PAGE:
Last updated on July 3, 2020 by Dan Nanni
lftp is a command-line FTP client with several advanced file transfer features. For example,
lftp can upload or download a whole directory tree recursively and selectively, or resume interrupted file transfers. A popular use case of
lftp is to mirror local files or folders to a remote FTP server. While
rsync is a popular mirroring software tool, it uses its own file synchronization protocol, and so does not work over FTP.
If you would like to back up local files or directory trees to a remote FTP server, you can proceed as follows.
lftp on Ubuntu, Debian or Linux Mint:
$ sudo apt-get install lftp
lftp on CentOS, Fedora or RHEL:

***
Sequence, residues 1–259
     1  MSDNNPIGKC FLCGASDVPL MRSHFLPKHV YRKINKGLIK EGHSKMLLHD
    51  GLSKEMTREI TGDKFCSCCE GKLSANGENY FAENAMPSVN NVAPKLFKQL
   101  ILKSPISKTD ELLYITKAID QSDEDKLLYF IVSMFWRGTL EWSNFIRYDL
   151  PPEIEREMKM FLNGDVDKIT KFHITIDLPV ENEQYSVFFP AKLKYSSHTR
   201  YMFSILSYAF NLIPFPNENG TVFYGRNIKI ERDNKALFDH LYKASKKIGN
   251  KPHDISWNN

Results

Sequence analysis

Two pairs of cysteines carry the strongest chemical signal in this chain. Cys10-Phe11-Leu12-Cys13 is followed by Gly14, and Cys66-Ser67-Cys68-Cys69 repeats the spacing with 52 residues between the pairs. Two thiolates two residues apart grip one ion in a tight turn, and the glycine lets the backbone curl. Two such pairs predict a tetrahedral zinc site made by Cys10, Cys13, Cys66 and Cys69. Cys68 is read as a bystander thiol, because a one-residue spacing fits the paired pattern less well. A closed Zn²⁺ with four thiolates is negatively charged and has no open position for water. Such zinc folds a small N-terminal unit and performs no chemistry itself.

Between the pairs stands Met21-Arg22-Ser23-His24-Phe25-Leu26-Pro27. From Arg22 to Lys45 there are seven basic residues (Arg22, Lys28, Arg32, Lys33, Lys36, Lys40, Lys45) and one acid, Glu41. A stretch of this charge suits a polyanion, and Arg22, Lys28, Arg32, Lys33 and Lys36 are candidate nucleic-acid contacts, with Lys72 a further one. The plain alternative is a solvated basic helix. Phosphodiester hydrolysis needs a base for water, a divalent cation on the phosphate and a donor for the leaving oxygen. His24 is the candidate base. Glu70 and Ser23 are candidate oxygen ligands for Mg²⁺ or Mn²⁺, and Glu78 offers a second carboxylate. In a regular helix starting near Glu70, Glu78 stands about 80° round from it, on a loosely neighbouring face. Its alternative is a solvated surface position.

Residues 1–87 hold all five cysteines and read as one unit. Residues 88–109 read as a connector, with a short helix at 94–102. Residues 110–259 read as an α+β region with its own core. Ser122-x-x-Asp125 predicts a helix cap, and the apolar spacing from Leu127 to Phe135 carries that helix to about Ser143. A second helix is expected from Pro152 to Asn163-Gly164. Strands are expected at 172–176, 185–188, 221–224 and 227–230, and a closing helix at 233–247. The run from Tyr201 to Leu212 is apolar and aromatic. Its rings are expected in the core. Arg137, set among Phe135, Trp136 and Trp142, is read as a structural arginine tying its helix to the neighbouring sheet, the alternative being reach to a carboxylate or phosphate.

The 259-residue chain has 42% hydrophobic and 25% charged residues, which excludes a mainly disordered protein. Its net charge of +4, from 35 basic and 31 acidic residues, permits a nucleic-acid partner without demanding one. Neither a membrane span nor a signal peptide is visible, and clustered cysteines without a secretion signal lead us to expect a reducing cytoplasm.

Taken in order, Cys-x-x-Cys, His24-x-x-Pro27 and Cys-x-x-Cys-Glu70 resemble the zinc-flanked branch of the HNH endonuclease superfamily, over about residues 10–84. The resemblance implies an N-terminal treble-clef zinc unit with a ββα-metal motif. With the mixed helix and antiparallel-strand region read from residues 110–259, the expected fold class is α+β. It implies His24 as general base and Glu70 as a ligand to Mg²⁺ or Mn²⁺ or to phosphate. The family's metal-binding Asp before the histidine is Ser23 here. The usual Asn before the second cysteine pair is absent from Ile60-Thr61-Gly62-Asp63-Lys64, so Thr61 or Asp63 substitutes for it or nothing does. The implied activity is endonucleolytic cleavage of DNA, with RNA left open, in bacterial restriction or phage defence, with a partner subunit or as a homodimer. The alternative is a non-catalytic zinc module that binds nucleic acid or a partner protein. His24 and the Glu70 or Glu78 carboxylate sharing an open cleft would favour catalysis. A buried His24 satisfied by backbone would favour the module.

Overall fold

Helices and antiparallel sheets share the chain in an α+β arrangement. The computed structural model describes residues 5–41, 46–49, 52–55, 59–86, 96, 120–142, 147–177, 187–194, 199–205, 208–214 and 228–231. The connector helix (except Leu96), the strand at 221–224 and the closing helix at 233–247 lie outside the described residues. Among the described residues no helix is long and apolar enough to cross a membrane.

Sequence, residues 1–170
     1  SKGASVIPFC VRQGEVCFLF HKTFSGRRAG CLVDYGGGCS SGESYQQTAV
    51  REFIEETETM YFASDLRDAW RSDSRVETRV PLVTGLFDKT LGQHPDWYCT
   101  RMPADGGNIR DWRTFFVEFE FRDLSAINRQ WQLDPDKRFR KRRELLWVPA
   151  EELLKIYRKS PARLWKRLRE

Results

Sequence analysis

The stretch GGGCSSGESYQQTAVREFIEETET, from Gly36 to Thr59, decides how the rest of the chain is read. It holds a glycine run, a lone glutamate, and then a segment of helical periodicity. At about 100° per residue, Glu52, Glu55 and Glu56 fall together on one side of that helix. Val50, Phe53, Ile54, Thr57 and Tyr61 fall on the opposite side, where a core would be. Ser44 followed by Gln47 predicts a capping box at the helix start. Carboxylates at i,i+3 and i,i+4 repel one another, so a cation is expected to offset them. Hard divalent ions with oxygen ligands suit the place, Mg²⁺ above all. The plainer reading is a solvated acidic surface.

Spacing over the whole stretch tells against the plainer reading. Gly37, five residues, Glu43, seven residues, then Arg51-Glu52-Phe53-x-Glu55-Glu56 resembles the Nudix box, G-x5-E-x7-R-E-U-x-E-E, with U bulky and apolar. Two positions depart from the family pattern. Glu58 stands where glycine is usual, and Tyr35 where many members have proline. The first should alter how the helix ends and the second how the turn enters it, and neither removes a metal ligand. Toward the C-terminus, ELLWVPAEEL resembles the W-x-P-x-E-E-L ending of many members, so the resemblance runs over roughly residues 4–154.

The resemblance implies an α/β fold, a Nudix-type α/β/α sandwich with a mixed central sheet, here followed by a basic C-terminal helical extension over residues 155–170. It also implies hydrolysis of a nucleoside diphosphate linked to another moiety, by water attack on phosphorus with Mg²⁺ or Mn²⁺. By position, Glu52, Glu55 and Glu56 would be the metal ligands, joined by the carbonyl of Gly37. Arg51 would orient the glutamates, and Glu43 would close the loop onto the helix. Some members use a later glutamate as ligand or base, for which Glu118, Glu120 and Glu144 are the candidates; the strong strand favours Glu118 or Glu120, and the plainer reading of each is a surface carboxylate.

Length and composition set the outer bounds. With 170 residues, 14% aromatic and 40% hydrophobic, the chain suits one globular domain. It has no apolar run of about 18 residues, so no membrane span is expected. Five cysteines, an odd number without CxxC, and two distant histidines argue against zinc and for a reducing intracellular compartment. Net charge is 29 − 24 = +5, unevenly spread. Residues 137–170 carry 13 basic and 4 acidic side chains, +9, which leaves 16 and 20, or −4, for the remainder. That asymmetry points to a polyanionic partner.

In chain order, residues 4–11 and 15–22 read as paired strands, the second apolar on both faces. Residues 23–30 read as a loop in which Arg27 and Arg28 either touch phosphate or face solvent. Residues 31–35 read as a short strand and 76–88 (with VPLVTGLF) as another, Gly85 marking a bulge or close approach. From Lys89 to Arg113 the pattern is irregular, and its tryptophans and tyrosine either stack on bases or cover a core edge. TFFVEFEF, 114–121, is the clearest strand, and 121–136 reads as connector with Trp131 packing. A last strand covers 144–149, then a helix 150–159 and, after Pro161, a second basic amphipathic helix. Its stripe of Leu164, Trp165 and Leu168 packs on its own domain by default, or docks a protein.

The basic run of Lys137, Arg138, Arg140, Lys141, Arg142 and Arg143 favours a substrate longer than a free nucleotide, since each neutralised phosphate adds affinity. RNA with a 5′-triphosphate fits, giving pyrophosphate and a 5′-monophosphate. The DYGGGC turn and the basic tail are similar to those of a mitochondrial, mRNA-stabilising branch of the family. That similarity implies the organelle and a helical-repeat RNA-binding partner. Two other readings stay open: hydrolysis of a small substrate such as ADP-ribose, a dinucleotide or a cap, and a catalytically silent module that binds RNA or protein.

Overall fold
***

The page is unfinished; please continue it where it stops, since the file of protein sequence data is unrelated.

$ sudo yum install lftp
Now go ahead and run
iftp command as follows. Note that
$ftp_hostname need to be populated according to your FTP server setup.
$ lftp -c "set ftp:list-options -a; open ftp://$username:[email protected]$ftp_hostname; lcd /path/to/local/directory; cd /path/to/remote/directory/in/ftp/server; mirror --reverse --delete --parallel=3 --older-than='now-7days' --exclude-glob .git"
--reverse" option means uploading files to a remote FTP server.
--delete" option means removing files not present in the source directory.
--parallel=3" option means uploading upto 3 files in parallel.
--exclude-glob .git" option means excluding matching folders (e.g.,
--older-than='now-7days'" option means uploading files which were modified more than seven days ago.
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